What follows is the semi-facetious, semi-serious introduction to my dissertation. It's facetious in the sense of being wildly bombastic and quite incongruous with the remainder of my computationally-oriented dissertation. But it's serious in the sense of touching upon some of the philosophical and epistemological issues that have attracted me and many others to the study of the mind. (It's also serious in the sense that I managed to slip it past my readers into the final archived version.)

Chimera of Mind from Chaos of Brain

In an eternally noble quest to comprehend the grand cosmic millieu into which it has been inseparably thrust, mankind has acquired the capacity to perceive universal phenomena at manifold spatial and temporal scales. Yet despite a divergence of specific observations, a recurrent theme ineluctably emerges: structure always arises and patterns always exist. From the gravitationally choreographed rhythms of a spawning solar system to the ironclad rules of chemical bond formation to the irrepressible non-locality of sub-atomic particles, order has always been found, if not often the anthropomorphic order that an inherently solipsistic species prefers. But of all conglomerations of matter known to exist in the universe at any level, perhaps none exceed the human brain in complexity of structure, diversity of function, and inscrutability of operation. Indeed, while the state of the universe has been traced back to the first few microseconds after its fiery birth, while cloning capacity rockets up the phylogenetic ladder to its inevitably hominid end, and while molecular biologists produce antibodies that seek out and deactivate invading micro-organisms as if they were immunological heat seeking missiles, modern neuroscience exists in a state of infancy relative to scientific disciplines such as organic chemistry or particle physics.

The source of difficulty in unravelling the mystery of how the brain gives rise to the mind is not difficult to pinpoint. Chemical neurotransmission, the signalling of one neuron via chemical transmitters released by another, depends upon biochemical processes that occur on a spatial scale on the order of 10^-7 meters. Behavior occurs at a spatial scale on the order of meters. Entailed, then, in the actualization of purposive human behavior is continuous control of a dynamical process which perpetually spans 7 orders of magnitude in spatial scale despite massive fluctuations in the embedding environment at both the macroscale (e.g., a temperature change or the approach of a predator) and the microscale (radically different blood sugar levels, for example). Given the extraordinary computational burdens of maintaining this level of order - such a life process by its very existence perpetuates an almost unimagineable oasis of minimal entropy amidst the perpetually raging winds of the Second Law of Thermodynamics - we are perhaps less surprised by the brain's indelibly intricate structure or its almost unfathomable complexity. Nevertheless mankind is nothing if not collectively dauntless, even as individual humans succumb to frailty and fear, and so has fully immersed itself in the scientific struggle to elucidate the secrets of the mind. While some time may pass before the quest arrives at a triumphant conclusion, impressive progress has already been made on numerous fronts, and herein we explore one minuscule contribution to the field of brain science.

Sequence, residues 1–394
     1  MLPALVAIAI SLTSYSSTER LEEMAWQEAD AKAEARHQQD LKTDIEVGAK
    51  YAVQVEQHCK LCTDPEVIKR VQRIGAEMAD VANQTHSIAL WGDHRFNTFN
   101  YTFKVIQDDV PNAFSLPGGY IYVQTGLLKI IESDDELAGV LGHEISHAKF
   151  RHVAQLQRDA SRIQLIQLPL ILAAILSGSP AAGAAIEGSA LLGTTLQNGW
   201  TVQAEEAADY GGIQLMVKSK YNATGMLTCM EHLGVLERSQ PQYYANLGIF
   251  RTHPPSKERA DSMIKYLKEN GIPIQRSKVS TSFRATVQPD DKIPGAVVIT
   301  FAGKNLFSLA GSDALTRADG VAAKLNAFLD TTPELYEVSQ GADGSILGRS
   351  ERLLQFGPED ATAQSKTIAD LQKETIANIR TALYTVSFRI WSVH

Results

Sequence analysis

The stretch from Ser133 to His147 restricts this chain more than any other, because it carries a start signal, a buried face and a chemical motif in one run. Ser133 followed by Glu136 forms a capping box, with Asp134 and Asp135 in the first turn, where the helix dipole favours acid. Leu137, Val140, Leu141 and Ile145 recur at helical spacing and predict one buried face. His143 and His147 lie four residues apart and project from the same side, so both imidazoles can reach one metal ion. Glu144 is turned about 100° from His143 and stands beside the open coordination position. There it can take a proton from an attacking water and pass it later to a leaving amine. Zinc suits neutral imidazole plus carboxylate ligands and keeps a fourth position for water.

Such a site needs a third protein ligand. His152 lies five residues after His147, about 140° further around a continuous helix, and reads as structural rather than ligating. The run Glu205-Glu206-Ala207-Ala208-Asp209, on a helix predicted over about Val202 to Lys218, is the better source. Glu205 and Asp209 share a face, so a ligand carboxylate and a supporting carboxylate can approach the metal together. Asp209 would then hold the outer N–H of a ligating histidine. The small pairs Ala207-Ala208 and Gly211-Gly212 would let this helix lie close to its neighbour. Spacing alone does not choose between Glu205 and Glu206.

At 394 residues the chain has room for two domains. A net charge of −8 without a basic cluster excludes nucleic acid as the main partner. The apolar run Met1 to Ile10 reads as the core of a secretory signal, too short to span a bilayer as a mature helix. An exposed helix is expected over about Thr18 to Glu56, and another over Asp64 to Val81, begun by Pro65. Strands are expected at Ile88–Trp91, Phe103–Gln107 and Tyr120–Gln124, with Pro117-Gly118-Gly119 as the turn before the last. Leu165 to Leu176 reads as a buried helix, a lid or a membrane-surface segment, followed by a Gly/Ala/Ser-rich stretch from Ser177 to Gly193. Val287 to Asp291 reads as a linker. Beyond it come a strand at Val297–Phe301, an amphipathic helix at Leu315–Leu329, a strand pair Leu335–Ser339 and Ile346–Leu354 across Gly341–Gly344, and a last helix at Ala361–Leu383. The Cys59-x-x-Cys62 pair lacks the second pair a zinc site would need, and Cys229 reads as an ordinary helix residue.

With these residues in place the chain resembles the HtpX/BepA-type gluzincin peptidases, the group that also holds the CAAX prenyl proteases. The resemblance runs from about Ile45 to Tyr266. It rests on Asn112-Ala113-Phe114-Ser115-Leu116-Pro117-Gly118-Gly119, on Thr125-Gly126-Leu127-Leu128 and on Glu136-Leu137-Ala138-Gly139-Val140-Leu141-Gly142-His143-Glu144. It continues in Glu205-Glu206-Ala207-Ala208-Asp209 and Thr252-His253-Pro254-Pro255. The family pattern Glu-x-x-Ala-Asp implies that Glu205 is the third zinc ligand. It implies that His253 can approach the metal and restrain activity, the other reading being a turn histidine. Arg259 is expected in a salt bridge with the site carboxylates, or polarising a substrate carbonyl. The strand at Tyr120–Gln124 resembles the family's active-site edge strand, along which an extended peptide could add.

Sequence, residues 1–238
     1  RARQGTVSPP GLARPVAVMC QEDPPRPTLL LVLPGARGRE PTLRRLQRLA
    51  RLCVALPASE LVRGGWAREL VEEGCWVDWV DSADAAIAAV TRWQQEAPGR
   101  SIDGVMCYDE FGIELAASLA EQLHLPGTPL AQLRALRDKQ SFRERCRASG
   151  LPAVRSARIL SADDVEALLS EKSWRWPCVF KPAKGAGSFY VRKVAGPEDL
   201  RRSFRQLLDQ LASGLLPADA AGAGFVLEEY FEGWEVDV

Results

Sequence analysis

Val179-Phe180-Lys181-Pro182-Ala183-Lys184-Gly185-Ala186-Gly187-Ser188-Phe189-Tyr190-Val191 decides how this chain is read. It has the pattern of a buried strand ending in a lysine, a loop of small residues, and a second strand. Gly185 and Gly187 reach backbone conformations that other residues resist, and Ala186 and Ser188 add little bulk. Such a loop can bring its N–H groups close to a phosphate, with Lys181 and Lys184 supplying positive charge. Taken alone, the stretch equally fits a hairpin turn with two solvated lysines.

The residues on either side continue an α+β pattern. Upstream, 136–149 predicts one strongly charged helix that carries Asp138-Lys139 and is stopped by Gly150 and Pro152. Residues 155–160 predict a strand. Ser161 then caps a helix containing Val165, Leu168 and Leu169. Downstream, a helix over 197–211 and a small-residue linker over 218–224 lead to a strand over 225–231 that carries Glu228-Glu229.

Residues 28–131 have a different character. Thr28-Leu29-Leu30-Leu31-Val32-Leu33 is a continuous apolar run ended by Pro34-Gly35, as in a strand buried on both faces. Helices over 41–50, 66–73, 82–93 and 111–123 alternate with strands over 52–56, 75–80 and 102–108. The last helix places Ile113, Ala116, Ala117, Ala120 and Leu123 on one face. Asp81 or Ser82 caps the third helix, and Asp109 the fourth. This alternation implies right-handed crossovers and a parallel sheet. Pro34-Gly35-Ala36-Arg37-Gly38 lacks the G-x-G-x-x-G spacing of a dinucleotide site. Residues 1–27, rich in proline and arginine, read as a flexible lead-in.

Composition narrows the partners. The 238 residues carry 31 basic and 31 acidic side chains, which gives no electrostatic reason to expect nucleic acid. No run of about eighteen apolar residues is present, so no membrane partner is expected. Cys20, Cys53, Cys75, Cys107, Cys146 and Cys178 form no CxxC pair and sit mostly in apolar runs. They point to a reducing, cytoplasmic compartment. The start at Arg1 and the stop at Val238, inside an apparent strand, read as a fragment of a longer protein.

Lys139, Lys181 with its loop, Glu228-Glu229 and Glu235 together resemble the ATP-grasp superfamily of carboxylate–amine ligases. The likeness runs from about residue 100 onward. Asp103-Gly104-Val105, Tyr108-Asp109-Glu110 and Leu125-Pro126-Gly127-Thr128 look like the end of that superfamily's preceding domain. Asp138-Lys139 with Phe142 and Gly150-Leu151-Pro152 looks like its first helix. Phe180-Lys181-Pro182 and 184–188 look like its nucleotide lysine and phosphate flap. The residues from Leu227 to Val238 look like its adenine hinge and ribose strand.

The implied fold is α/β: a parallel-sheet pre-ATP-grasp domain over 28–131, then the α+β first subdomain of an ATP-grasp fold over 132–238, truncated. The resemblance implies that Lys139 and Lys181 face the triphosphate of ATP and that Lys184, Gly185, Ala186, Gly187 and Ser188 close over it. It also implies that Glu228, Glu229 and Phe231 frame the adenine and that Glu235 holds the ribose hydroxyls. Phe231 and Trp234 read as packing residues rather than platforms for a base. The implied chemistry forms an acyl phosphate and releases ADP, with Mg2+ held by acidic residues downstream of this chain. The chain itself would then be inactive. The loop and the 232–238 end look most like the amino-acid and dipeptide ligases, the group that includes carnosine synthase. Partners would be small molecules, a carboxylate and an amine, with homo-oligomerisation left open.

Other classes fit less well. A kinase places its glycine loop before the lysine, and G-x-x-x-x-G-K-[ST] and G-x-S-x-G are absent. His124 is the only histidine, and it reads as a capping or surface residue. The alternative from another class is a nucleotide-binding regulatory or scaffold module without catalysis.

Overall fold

Classes Taught

9.53 Emergent computation in distributed neural circuits

Selected Publications

Ajemian R, Bizzi E, Schachter S, Edgerton R, Winograd J, Malik W. Gentler alternatives to chips in the brain. Nature. 2017 April 27;544(7651):416.

Bizzi E, Ajemian R. A hard scientific quest: understanding voluntary movements. Daedalus. 2015 Jan 16;144(1):83-95.

Ajemian R, D'Ausilio A, Moorman H, Bizzi E. A theory for how sensorimotor skills are learned in noisy and non-stationary neural circuits. Proceedings of the National Academy of Sciences. 2013 Dec 9;110(52):E5078-87.

Ajemian R, D'Ausilio A, Moorman H, Bizzi E. Why professional athletes need a prolonged period of warm-up and other peculiarities of human motor learning. Journal of Motor Behavior. 2010 Nov;42(6):381-8.

Ajemian R, Hogan N. Experimenting with theoretical motor neuroscience. Journal of Motor Behavior. 2010 Nov;42(6):333-42.

Ajemian R, Green A, Bullock D, Sergio L, Kalaska J, Grossberg S. Assessing the function of motor cortex: single-neuron models of how neural response is modulated by arm biomechanics. Neuron. 2008 May 8;58(3):414-28.

Ajemian R, Bullock D, Grossberg S. A model of movement coordinates in the motor cortex: posture-dependent changes in the gain and direction of single cell tuning curves. Cerebral Cortex. 2001 Dec;11(12):1124-35.

Ajemian R, Bullock D, Grossberg S. Kinematic coordinates in which motor cortical cells encode movement direction. Journal of Neurophysiology. 2000 Nov;84(5):2191-203.